Category Archives: Jewish Traditions

Tales From The Veil: Los Angeles Couple Goes Modern Orthodox Even With Reform Upbringing

Growing up in a small town in Maine, my Jewish identity was defined by cultural Jewish experiences like visiting my grandparents in Long Island where I enjoyed bagel, lox, and cream cheese, knishes and other culturally Jewish delicacies; it was a small taste of what living a Jewish life could mean. It was not until I participated in a Birthright trip during my sophomore year in college that I experienced and became intrigued by Judaism and was eager to learn more.

As a curious teenager, I had a lot of questions about life and I was unable to find satisfying answers. So, I embarked on a journey of Jewish learning that included studying at an all-women’s seminary in Jerusalem, one-on-one learning back in the United States, and slowly adopting practices such as keeping Kosher and attempting to keep Shabbat. When I met my husband, AJ, it was the first time I found someone who came from a similar background, yet was moving in a similar direction. AJ grew up in a Reform synagogue in San Francisco, and became more observant during business school. Together, we are currently paving our path and still figuring out what kind of Jewish home we will keep.

Jewish Weddings

We decided that although we are still growing in our observance and haven’t committed to all observant traditions and practices, it was very important to us to have an Orthodox wedding. There were several reasons to this, but a few included: We wanted all of our guests to feel comfortable. Some of our closest friends are Orthodox and will only eat Kosher food that is under the supervision of a Rabbi. Additionally, many men will only dance with men and women with women. Also, the meaning behind a traditional Jewish ceremony was extremely intriguing to us. It was important that our wedding was a spiritual and elevating experience, not just a party. And lastly, the few Orthodox weddings I had been to in the past were the most moving, exciting, and meaningful.

Obviously, this added a level of complexity when the planning process began because neither my mother nor future mother-in-law had ever been to an Orthodox wedding. The first challenge we faced was deciding where to have the wedding. If we decided to have the wedding in Maine, we would have had to bring Kosher food up from Boston. This just seemed crazy. So, we decided to have the wedding in San Francisco, where we could find Kosher food and had AJ’s mom on the ground to help with the planning. Next, we could only serve Kosher Mevushal wine. This made ordering and selecting alcohol much more complicated and expensive. In the end, we separately ordered the wine from the rest of the alcohol from a distributor in Chicago.

Choosing a band was also hard. We wanted a band that could play “simcha” music (Hora style music), but a band that could also play American music as well. We ended up bringing a band from Los Angeles. Also, we decided that the first 25 minutes would be separate dancing and the rest of the wedding would be mixed. One of the only pre-wedding nightmares I had was about this particular part of the wedding. I worried guests would not want to participate in the separate dancing or that nobody would know what was going on! Fortunately, the separation occurred organically and it seemed as though most of our guests really enjoyed and appreciated this part.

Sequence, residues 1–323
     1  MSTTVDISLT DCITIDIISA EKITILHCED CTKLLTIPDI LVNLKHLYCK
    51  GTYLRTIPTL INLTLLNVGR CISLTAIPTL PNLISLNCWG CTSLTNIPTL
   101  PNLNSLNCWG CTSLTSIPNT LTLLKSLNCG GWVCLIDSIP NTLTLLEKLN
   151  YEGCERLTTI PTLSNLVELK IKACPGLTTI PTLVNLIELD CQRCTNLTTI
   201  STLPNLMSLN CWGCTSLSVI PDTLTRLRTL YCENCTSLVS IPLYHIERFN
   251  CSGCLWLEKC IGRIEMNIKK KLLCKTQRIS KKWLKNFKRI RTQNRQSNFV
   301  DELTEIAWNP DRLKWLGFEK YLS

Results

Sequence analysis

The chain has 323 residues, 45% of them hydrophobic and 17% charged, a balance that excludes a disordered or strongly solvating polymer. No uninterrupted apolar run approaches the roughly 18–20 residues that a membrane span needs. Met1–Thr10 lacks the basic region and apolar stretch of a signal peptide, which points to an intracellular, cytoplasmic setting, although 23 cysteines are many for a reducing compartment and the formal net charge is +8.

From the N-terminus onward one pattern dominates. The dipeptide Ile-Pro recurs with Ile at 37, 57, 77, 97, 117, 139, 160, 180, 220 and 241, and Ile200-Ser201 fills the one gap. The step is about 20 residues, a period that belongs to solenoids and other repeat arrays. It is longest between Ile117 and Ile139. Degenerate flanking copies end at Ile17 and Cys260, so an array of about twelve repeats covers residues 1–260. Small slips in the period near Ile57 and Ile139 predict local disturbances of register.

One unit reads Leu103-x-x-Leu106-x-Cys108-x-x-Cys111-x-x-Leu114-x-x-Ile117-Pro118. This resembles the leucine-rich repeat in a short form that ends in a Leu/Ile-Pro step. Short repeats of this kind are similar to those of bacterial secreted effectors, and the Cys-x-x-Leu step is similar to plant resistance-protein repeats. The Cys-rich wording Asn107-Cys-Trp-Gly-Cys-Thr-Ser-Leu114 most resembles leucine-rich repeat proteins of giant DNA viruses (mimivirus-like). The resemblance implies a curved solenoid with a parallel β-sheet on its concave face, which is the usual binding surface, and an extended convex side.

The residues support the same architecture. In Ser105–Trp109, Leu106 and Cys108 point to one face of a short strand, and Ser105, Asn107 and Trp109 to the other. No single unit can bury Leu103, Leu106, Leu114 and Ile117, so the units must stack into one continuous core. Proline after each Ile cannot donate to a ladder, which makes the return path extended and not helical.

AJ and I decided to not see each other the week before the wedding. However, our parents felt very strongly about having a dinner the night before the wedding with our immediate and extended families. We wanted to respect their request, especially since they were so supportive of our choice to have an Orthodox wedding, so we did not see each other for the entire week up until the wedding, and sat at different tables during the dinner and did everything we could to avoid eye contact. We wanted the moment at the Bedeken (veiling ceremony) to be as special as possible. Many argue the Bedeken goes back to biblical times when Jacob married Leah by accident because her face was veiled, when he really wanted to marry Rachel. Others say it is the groom publicly demonstrating that his love and affection for his new bride goes beyond physical beauty; he loves her for what he cannot see. The Bedeken added a complexity to the photography schedule. Our photographer wanted to take group and family photos before the wedding, which is commonly done. However, we decided we would hold out for the Bedeken and do group pictures during cocktail hour. We wanted our first interaction to be at the veiling.

Jewish Wedding Bedeken

In the end, it all paid off despite the added challenges of planning a wedding that nobody in our family had experienced before. The minute AJ was ushered out of the Tisch escorted by his father and my father, our friends, and family he approached me and pulled my veil over my face, and leaned in and whispered loving words in my ear. I was flooded with emotion and gratitude that not only was I marrying my beshert, but I was participating in a tradition that goes back thousands of years and I have the privilege of living in a time where I can be Jewish and openly, and proudly live a Jewish life.